The slump in asset values has caused insolvencies among ship companies and an increase in loan losses at banks, after the decline made shipping loans a larger fraction of the value of the ship used as collateral. That caused many banks to raise interest rates on loans, leaving many smaller and medium-sized shipping lines unable to service their debt.
Net shipping loan losses at Stockholm-based Nordea, the world’s No. 4 shipping lender, tripled to 135 million euros last year because of “weak market conditions” and “a general decline in vessel values,” it said on Jan. 24. Loan losses more than quadrupled to 60 million euros in the first quarter of 2012, from 14 million euros a year earlier.
Any failure to bridge the financing gap is likely to further depress ship values, according to a presentation on Greek ship finance investment boutique Eurofin SA’s website. It will also leave even “top drawer” shipping lines struggling to renew and modernize their fleets, meaning older, unsafe vessels will continue operating beyond safe operating limits, it said.
“Capital adequacy pressures on banks may mean they cannot continue to support owners through the cycle,” Eurofin said in the presentation. “More distressed, unfunded assets will increase and prolong downward pressure on ship values.”
In a survey by KPMG of German shipping firms representing 42 percent of vessels in the country’s fleet and published on May 3, about 17 percent of respondents said private equity would have “high” relevance as a financing model in the future, while 56 percent said it would have “medium” significance.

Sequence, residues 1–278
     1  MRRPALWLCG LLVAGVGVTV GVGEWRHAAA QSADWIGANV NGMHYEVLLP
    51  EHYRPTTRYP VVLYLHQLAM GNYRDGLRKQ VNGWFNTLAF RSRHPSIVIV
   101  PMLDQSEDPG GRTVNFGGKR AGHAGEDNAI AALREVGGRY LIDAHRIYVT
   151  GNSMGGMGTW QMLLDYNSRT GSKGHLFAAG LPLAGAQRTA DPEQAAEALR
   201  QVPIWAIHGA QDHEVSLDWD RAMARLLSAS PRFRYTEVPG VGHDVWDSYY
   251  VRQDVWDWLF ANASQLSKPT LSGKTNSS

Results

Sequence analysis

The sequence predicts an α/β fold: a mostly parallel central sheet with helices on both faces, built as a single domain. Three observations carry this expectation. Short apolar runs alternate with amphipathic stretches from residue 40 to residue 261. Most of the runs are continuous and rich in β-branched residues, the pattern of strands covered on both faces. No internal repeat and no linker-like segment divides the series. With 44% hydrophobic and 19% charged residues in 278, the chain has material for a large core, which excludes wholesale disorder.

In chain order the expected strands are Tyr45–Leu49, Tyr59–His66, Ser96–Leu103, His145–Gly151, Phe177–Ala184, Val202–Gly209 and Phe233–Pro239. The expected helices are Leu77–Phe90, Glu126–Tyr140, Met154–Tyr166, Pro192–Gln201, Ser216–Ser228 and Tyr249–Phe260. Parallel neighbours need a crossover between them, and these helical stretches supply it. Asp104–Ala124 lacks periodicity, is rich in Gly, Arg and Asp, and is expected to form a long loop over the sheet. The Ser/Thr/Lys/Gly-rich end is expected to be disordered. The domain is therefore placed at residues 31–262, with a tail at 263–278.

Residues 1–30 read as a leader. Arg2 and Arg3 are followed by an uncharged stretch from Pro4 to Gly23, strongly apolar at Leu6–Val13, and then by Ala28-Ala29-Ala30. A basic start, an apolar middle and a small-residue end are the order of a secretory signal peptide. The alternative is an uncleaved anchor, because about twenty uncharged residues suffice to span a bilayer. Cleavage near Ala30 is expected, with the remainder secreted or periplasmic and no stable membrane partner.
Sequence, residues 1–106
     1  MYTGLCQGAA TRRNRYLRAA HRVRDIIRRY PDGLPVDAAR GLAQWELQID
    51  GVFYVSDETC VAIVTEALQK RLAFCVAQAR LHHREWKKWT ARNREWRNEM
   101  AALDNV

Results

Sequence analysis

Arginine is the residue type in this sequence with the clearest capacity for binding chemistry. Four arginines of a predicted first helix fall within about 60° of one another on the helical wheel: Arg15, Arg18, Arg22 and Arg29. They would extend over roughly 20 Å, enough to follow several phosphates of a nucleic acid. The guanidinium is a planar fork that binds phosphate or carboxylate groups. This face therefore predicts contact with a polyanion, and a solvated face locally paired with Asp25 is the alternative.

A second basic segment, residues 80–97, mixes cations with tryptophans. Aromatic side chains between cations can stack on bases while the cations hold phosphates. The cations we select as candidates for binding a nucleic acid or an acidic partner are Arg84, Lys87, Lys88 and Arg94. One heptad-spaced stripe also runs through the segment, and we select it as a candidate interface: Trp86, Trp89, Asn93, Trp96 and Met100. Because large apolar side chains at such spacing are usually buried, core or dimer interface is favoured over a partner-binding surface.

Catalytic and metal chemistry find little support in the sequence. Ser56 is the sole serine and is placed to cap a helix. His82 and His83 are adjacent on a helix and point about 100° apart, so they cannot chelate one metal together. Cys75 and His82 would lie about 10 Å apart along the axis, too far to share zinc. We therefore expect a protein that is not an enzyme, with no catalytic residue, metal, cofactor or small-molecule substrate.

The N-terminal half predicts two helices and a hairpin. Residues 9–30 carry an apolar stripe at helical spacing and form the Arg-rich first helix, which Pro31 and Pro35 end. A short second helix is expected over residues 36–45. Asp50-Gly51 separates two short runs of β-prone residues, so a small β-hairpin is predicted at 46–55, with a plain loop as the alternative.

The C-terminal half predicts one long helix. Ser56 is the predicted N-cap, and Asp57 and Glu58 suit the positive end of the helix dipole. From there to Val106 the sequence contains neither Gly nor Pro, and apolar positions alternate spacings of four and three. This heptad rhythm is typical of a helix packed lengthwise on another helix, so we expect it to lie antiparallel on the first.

American private equity firms have showed interest in the container shipping industry in Germany, home to the world’s largest container fleet, KPMG said in its survey. Still, the prospect of “this alternative financing for German shipping companies may prove difficult to realize given the requirement for yields of up to 15 percent,” it said.
Investments may also fail because investors are demanding too much of a discount. While KfW IPEX-Bank GmbH, the world’s No. 7 shipping lender, has been contacted by investors who want to buy ships, they are looking to pay “rock-bottom prices,” below the market value of the ships, said Christian K. Murach, head of transportation finance at the Frankfurt-based bank.
While lenders such as KfW, Nordea and ING Groep NV have said they plan to keep the size of their shipping portfolios relatively intact, other European banks are scaling back their ship-finance operations.
Hamburg-based HSH Nordbank is cutting the size of its so-called core shipping portfolio to 15 billion euros by 2014 compared with 19 billion euros at the end of 2011 to comply with conditions set by the European Union for approval of state aid it received during the global financial crisis. Frankfurt-based Commerzbank reduced the size of its so-called shipping exposure at default by 6.6 percent to 21.2 billion euros last year.
“There definitely is a shift away from bank lending,” Rory Hussey, managing director at ING’s shipping finance division, which also plans to continue lending to the shipping industry, said in an interview. “Private equity will play far more of a part than it used to, as will the bond market.”
Triton’s most recent fund, Triton III, has 60 investors and capital of 2.4 billion euros. It plans to make more investments in shipping -- seeing potential transactions also in container, oil tanker and dry bulk markets -- as well as in consumer, industrial and business services companies, Nilsson said.
“Valuations are attractive from an historical point of view,” Nilsson said. “Our perspective is to bridge the funding gap a little.”